Several commercial platforms are available for single-cell sequencing. They share the principles outlined above but primarily use different approaches for cell capture. The most popular platform is the 10x Genomics® Chromium™, providing high throughput and a broad array of applications3.
|Platform||Technology for Cell Capture||
(cells per chip/cartridge)
|10x Genomics Chromium||Droplet encapsulation||80,000 (10,000 per lane)|
|Takara Bio® ICELL8™||Nanowells||1,800|
|Illumina/Bio-Rad® ddSEQ™||Droplet encapsulation||1,200|
10x Genomics Chromium and Illumina/Bio-Rad ddSEQ use an emulsion of water-in-oil droplets. Cells, reagents, and barcodes are co-encapsulated into a droplet. The Chromium system uses gel beads coated with a unique oligo sequence, known as a 10x barcode (see figure below). Beads and cells are introduced at low concentration to reduce the chance of forming doublets.
BD Rhapsody and Takara Bio ICELL8 use a chip or cartridge with an array of microscopic wells. Cells are dispensed onto the chip, capturing cells in the wells. For the Rhapsody system, a low concentration of cells ensures that few wells will contain more than one cell. Oligo-tagged beads containing the barcodes are then added to the wells, which are designed to accommodate one bead each4. The ICELL8 platform uses an imaging system to determine the number of cells in each well. Coupled with nanowell-specific barcodes printed on the chip, the system can track the wells containing one cell and analyze data exclusively from these.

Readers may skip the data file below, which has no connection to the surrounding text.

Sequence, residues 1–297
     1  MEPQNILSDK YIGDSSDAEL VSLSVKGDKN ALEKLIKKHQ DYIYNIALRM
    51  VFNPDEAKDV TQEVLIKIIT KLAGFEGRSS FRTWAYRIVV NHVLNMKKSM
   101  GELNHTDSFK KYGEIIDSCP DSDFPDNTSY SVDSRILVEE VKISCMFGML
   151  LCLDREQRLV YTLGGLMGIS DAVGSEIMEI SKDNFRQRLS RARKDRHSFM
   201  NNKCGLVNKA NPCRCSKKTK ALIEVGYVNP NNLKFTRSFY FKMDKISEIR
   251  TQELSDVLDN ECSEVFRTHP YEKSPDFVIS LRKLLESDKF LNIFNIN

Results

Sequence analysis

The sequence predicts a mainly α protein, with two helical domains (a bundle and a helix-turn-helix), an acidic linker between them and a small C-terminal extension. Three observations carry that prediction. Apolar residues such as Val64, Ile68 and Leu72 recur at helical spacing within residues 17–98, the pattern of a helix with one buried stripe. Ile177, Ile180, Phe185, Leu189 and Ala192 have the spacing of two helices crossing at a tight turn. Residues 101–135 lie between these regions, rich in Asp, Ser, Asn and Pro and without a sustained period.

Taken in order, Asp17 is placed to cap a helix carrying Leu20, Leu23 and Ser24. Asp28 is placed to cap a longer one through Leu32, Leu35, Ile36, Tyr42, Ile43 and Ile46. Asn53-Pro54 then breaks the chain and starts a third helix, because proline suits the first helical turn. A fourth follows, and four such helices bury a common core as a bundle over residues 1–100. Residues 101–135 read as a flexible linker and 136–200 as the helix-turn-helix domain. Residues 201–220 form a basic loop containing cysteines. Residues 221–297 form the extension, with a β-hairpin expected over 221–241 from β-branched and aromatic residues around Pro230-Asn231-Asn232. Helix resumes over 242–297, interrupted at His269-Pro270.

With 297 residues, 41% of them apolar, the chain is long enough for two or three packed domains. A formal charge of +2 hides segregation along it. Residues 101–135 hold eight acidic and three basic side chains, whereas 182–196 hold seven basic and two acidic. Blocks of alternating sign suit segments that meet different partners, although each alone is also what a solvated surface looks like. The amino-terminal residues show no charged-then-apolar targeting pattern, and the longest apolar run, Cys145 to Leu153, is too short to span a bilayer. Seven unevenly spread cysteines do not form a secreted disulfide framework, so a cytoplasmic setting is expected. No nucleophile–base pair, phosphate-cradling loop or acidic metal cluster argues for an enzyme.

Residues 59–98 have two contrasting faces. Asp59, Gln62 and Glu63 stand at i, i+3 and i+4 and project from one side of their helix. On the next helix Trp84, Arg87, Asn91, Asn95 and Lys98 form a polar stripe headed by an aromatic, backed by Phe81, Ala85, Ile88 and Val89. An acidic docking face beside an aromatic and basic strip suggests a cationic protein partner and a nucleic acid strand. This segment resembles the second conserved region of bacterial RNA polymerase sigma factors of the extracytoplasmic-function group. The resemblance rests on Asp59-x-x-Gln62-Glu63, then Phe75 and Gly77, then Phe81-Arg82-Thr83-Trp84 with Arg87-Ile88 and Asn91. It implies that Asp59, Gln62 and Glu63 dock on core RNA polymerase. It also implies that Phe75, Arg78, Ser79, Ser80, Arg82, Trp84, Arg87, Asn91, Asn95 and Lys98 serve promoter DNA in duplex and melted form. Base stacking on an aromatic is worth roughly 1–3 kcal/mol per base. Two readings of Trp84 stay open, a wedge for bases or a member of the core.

The Fluidigm C1 uses a fluidics circuit to trap cells into individual chambers. The physical dimensions of the nanochannel ensure that a single cell (of a well-defined size) is captured. Imaging can be performed to confirm cell count, viability, or phenotype. Reagents and cell-specific barcodes are then delivered to each chamber via microfluidics.
Uncovering heterogeneity in a sample, single-cell sequencing enables analysis of transcriptomes, epigenomes, and immune repertoires at the resolution of individual cells. Below is a comparison of single-cell sequencing techniques, each designed for a particular application. They differ primarily in how the NGS libraries are constructed and how the sequencing data is analyzed. For simplicity, we’ll focus our discussion on the 10x Genomics Chromium platform.
(RNA + ATAC)
|Analyzes||Gene expression (transcriptome)||Regions of open chromatin (epigenome)||Transcriptome + Epigenome||B-cell or T-cell receptor (BCR/TCR) repertoires|
|Target sequence||Polyadenylated mRNA||Transposase-accessible chromatin||Polyadenylated mRNA & Transposase-accessible chromatin||V(D)J sequences of BCR or TCR mRNA|
|Sample input||Cell or nuclei suspension||Nuclei suspension||Nuclei suspension||Cell suspension|